Sigma-H is an alternative RNA polymerase sigma factor that directs the transcription of many genes that function at the transition from exponential growth to stationary phase in Bacillus subtilis. Twenty-three promoters, which drive transcription of 33 genes, are known to be recognized by sigma-H-containing RNA polymerase. To identify additional genes under the control of sigma-H on a genome-wide basis, we carried out transcriptional profiling experiments using a DNA microarray containing >99% of the annotated B. subtilis open reading frames. In addition, we used a bioinformatics-based approach aimed at the identification of promoters recognized by RNA polymerase containing sigma-H. This combination of approaches was successful in confirming most of the previously described sigma-H-controlled genes. In addition, we identified 26 putative promoters that drive expression of 54 genes not previously known to be under the direct control of sigma-H. Based on the known or inferred function of most of these genes, we conclude that, in addition to its previously known roles in sporulation and competence, sigma-H controls genes involved in many physiological processes associated with the transition to stationary phase, including cytochrome biogenesis, generation of potential nutrient sources, transport, and cell wall metabolism.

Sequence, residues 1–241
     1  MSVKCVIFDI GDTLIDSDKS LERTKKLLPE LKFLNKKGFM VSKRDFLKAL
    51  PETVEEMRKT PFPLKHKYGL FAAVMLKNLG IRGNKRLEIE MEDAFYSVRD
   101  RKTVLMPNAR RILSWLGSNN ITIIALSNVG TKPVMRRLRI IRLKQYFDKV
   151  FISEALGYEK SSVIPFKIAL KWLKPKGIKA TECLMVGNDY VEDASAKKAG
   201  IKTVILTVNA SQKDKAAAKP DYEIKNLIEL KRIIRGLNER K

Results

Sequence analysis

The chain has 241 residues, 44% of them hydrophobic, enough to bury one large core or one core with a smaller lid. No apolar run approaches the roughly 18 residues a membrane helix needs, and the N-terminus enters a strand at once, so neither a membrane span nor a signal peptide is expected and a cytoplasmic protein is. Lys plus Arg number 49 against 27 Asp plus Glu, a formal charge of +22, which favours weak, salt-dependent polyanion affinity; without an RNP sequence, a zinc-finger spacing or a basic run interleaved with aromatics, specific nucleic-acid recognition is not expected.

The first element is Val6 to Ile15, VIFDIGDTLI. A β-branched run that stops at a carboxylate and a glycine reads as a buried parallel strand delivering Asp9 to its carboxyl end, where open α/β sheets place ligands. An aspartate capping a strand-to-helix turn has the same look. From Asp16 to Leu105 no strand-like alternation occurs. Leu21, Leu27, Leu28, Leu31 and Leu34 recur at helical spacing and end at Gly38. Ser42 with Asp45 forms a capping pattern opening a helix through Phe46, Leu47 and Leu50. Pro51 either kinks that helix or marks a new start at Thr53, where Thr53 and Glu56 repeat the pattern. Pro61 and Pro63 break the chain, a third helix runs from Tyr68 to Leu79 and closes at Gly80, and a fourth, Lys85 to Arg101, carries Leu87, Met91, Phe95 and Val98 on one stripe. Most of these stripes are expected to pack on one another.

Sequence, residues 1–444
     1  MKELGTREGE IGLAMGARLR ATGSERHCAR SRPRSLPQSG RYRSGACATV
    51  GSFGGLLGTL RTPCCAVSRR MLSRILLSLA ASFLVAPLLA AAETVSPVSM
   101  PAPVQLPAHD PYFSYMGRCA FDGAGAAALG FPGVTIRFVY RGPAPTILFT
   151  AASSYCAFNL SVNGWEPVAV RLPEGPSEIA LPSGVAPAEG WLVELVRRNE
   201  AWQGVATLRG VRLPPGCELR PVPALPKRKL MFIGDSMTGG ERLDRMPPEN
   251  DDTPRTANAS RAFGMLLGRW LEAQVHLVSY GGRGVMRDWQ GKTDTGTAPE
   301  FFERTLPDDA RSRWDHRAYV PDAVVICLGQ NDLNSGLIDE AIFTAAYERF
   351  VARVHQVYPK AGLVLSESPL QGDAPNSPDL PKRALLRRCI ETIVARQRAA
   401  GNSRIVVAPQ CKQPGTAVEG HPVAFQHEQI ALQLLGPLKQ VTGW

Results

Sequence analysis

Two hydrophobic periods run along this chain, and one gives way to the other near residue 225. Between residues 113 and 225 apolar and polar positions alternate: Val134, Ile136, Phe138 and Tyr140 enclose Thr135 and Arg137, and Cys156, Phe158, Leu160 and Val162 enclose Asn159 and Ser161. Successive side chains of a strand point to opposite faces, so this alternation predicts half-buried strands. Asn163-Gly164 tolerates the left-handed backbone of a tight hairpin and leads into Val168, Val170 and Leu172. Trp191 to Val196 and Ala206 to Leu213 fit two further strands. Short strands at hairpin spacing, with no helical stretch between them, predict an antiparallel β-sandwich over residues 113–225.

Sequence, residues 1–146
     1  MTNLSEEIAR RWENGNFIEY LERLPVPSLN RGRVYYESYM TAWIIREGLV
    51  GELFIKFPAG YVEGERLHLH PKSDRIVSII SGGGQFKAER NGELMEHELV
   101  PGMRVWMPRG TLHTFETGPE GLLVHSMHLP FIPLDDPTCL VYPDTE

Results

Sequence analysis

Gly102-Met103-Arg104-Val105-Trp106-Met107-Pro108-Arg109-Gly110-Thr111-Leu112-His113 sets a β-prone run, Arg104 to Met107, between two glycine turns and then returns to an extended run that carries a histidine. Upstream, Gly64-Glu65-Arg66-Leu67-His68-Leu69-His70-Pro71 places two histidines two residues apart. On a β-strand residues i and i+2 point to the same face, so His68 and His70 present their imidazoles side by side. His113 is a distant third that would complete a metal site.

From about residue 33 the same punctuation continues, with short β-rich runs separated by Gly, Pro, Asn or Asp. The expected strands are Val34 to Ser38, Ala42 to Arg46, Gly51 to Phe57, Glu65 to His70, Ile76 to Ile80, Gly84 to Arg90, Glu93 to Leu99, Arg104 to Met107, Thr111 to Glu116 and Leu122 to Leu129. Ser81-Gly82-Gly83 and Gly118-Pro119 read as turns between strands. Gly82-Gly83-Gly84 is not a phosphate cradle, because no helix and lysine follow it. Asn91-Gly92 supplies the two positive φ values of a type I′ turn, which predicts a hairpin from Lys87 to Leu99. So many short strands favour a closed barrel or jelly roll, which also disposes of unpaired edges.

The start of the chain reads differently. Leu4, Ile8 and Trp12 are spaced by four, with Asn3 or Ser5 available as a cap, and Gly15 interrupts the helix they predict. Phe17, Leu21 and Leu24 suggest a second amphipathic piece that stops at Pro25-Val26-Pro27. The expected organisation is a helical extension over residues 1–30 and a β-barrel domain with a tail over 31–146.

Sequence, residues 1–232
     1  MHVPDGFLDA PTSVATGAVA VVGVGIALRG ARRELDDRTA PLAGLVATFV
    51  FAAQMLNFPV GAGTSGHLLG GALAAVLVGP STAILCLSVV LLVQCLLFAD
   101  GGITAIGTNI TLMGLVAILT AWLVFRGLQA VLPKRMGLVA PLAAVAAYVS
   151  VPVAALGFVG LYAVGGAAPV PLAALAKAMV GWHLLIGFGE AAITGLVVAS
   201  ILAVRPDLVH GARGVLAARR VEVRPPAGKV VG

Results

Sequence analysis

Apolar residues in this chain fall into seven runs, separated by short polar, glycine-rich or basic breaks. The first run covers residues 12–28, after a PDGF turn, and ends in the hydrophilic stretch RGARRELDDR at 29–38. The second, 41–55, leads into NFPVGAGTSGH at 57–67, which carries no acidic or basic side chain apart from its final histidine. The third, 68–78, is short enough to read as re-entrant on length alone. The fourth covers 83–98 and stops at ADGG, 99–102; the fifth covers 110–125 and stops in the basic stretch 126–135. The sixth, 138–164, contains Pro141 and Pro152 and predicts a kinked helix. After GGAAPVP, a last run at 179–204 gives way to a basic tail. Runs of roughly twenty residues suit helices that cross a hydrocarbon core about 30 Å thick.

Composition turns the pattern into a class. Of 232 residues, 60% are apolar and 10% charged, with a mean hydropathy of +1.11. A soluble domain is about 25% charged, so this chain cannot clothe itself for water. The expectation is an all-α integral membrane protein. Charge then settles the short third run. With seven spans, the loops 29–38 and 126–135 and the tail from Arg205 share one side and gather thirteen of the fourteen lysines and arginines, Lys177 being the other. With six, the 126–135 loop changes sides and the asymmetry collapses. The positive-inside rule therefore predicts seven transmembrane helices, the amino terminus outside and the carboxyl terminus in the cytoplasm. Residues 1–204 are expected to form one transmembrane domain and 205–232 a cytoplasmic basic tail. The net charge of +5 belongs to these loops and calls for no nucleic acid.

ASJC Scopus subject areas
- Molecular Biology